New Jersey fuzz-pop-rockers, YJY, had us with our fists in the air with their much-appreciated anti-gentrification anthem, “Through Being Hip.” Luckily, we didn’t have to wait long for new music! The band’s new EP, The Same Noise, was recently released and if we have anything to say about it, it’s anything but typical. Reminiscent of New York indie outfit, I Love Monsters, YJY doesn’t shy away from honesty, making them shine brighter than any of their counterparts at the moment.
Lead singer/guitarist Steve Sachs shared some thoughts on each song off of The Same Noise in this exclusive track-by-track commentary. Enjoy while you take the EP for a spin below!
“Summer Lifeguard” was written pretty quickly, during a time when Dave and I were living together. We were playing together almost every day, just messing around, and a lot of our songs came out of it. The main guitar riff came out of one of those moments where you go, “wait, wait, what was that – do that again!” We just kept messing with it and added a chorus, and there it was. The lead guitar part was actually the very first thing I played when I recorded the demo. It was completely improvised and it was initially meant to be a placeholder, but I liked it, so we kept it. The solo came later, right before we went into the studio. Up until that point, I had just been improvising the solo the same way I’d done with the lead line.
“Past My Prime”
“Past My Prime” was written in the shower, of all places. It started with the melody and the lyrics and me just kind of singing quietly to myself. As soon as I got out of the shower I rushed over to my guitar and recorded a video of myself playing the tune into Photo Booth on my Macbook. The song was really inspired by the band Hunx & His Punx, and by a band from NJ called Con Leche, who was the best band to come out of our hometown. The lyric is pretty straight forward: it’s from the perspective of a guy who used to be the shit, but now he ain’t shit. Maybe you’re laughing at him, maybe you’re crying with him. Either way, your interpretation really says more about you than it does about him.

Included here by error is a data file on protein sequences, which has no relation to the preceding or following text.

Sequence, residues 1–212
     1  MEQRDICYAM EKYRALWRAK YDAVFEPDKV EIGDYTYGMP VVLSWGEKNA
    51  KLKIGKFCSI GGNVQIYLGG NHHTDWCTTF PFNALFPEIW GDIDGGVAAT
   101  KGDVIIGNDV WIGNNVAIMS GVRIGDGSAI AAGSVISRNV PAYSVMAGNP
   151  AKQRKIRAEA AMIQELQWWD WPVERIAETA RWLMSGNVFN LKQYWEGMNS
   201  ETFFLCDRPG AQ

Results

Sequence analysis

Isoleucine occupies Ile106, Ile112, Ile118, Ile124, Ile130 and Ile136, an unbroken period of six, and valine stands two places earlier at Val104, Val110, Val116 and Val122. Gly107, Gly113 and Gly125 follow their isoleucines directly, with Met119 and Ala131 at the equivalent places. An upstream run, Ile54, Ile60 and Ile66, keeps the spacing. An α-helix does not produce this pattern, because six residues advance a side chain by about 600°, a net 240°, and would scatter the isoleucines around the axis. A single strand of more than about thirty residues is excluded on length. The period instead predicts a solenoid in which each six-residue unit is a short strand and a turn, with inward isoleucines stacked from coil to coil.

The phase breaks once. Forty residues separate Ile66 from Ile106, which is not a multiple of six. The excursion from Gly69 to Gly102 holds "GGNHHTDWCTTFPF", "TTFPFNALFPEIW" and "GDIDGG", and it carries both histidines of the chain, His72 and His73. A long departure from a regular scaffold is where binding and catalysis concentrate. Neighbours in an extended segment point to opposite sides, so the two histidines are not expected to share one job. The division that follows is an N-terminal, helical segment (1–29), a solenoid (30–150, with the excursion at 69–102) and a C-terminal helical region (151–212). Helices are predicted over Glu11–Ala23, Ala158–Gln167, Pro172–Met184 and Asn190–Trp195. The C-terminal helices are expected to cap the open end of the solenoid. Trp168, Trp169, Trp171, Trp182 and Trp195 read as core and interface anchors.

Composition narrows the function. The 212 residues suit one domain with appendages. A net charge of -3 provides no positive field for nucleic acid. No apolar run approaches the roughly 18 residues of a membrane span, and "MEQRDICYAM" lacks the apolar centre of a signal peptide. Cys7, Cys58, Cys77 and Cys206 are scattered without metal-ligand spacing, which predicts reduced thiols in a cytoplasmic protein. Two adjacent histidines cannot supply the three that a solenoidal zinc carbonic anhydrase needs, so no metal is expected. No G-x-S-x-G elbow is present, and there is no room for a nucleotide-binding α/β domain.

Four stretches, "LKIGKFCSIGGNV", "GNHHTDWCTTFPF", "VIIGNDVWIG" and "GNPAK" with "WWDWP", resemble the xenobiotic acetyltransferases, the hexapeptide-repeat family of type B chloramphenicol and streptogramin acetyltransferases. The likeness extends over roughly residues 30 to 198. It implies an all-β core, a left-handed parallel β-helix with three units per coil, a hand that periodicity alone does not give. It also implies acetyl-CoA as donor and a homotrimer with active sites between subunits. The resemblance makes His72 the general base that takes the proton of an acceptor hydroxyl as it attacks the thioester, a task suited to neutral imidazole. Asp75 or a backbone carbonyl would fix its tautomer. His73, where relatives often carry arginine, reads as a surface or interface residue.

“Through Being Hip”
“Through Being Hip” was written after a stop into a boutique consignment thrift store where they buy up shirts from Salvation Army and then mark up the price to like 30 bucks a shirt. I wrote this after an interaction with the person behind the register that left me feeling frustrated. I was curious who this person was before they adopted certain trends and I was curious who they’d become once they dropped them. I think Ricky’s guitar part really makes this one special.
“Evergreens” was written in a few parts. I had the melody and the chords floating around for a while before I brought them to Dave who led the way as we wrote the lyrics. Again, the lyrics are about the ache of nostalgia that never quite leaves when you think about an old relationship, whether romantic or platonic. Losing a friendship can hurt just as bad as losing a relationship, sometimes worse. This song is about the way that loss feels. When we recorded this, we told the engineer we wanted two acoustic guitars, one on each side of the mix, playing alternate versions of the rhythm part in addition to the electric rhythm part in the center. He thought it was going to sound like garbage, but he trusted us, and it came out exactly as we envisioned it. One person’s trash is another person’s treasure.
The Same Noise is available now here.